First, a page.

• National Child Traumatic Stress Network
    NCTSN has several pdfs and other resources for helping parents and children deal with catastrophic mass violence events, including parent tips for helping school-age children after disasters, which lists children’s reactions with examples of how parents should respond and what they should say.
  • Talking to Children About Tragedies and Other News Events 
    The American Academy of Pediatrics (AAP) encourages parents, teachers, child care providers, and others who work closely with children to filter information about the crisis and present it in a way that their child can accommodate, adjust to, and cope with.
  • How to Help Kids Feel Safe After Tragedy
    It’s normal for both adults and kids to feel anxious after such a publicly devastating event, but there are things you can do to minimize the stress and maintain a sense of normalcy.
  • Incidents of Mass Violence
    Learn about who is most at risk for emotional distress from incidents of mass violence and where to find disaster-related resources. 

 

 

 


 

 

 

How to talk to children about shootings: An age-by-age guide

By Meghan Holohan

https://www.today.com/parents/how-talk-children-about-shootings-age-age-guide-t59626
 

The sinking feeling is becoming all too familiar: When mass shootings occur, parents have to figure out how to talk to their children about violence.

There’s no one way to address tragedies with children, and how parents approach it depends both on the child’s age and temperament. The American Psychiatric Association and the American Academy of Pediatrics recommend avoiding the topic with children until they reach a certain age – around 8, but again, it depends on the child.

“If it doesn’t directly affect your family, kids under 8 do not need to hear about this,” says Dr. Deborah Gilboa, a parenting expert. Before this age, children struggle to process it.

But parents should talk to their younger children about mass shootings if they are at risk of hearing it from others, she says.

While advice varies by age, Gilboa provides a general recommendation for all parents faced with telling their children about the latest mass shooting.

“First, you have to process your own emotional response. What you do will affect them more than what you say,” she says. “Have your first reaction away from your child.”

She also provides the following recommendations for sharing bad news with children of all ages.

Preschool-kindergarten: One-sentence story

“You have to figure out before you talk to them what story you want them to tell themselves,” she says.

With young children, Gilboa recommends that parents keep their stories simple. These stories should reinforce parents’ beliefs. Perhaps, parents want their children to know that a bad man hurt people. Maybe parents want their children to know that someone with a serious illness felt angry and hurt people.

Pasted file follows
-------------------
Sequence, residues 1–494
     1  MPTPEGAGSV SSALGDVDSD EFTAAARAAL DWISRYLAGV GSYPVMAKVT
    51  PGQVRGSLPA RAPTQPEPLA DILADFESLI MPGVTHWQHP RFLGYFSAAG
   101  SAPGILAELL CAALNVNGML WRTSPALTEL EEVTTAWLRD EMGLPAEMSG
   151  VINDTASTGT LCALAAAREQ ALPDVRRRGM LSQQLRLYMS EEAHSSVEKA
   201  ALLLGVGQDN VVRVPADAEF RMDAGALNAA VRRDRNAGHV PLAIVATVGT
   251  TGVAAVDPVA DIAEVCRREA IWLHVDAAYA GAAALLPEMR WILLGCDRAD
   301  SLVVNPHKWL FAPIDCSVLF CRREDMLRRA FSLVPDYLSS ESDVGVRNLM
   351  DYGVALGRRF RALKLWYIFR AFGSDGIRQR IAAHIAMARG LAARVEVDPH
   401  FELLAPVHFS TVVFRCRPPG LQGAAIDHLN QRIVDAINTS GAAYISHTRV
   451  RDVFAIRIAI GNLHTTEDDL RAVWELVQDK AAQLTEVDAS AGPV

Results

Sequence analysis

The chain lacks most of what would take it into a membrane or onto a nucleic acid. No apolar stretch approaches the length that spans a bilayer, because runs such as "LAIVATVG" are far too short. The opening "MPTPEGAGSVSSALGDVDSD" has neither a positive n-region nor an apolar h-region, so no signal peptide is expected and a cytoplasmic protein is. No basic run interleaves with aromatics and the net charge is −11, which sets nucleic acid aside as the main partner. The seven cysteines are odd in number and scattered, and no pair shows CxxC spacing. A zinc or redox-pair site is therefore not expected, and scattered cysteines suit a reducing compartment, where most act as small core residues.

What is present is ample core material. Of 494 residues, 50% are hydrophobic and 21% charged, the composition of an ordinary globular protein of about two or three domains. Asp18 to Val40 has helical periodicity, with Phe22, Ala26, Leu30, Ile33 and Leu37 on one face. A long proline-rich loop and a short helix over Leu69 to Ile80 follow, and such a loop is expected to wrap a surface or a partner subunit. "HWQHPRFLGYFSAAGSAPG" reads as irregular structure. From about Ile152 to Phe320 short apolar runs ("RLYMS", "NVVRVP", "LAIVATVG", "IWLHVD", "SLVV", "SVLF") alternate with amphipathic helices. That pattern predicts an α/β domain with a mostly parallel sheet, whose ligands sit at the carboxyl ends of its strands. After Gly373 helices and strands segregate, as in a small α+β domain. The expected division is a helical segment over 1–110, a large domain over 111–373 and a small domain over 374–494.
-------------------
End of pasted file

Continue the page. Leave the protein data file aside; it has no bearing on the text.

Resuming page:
“You are going to give a one-sentence story to anyone under 6,” she says.

This might be a chance to change the conversation, too. Try to focus on the positives, such as the heroes of the story.

 

Elementary school children: Shield them

Again, parents need to decide on the takeaway message. Children in this age group will ask many more interrogative questions and parents need to decide how much they want to share.

Gilboa stresses that parents should prevent their children from seeing pictures or the news because the images will stick with children longer than words. If children do see pictures, she recommends that parents show their children positive photos to counteract the negative.

“Let’s see if we can replace those memories and balance it out by showing the positives and the amazing people who rushed to help,” she says.

 

Tweens: Listen to their feelings

Start the conversation by asking tweens if they heard about the latest shooting.

“If you are going to talk [about] a fraught or laden topic … you start with a pretest. You are going to ask how they feel about it,” Gilboa says.

If they have heard of it, listen to their feelings. If they haven’t heard of it, parents have an opportunity to share their beliefs while gaining better insight into their tweens.

“[This becomes] a great conversation of their values and your values that do not focus on the particular gore [but] more on the person you are raising,” she says.

 
Teens: Look for solutions

Again, Gilboa says parents should ask their teens if they have heard of the latest tragedy and allow them to share their feelings.

But teenagers will expect more.

“Teenagers are looking for hypocrisy and solutions and this generation believes in collaboration and social justice. And they are going to ask ‘What are you doing,’” she says. “You can answer and then ask ‘what are you doing? What would you like to do? What can we do together?”

Teaching teenagers to work toward change will help them be resilient, she says. She stresses that parents still need to listen to their teens’ feelings and display empathy.

“I think for anyone action makes us feel effective,” Gilboa says. “What we want our kids to do when [they] see something wrong is to try to fix it.”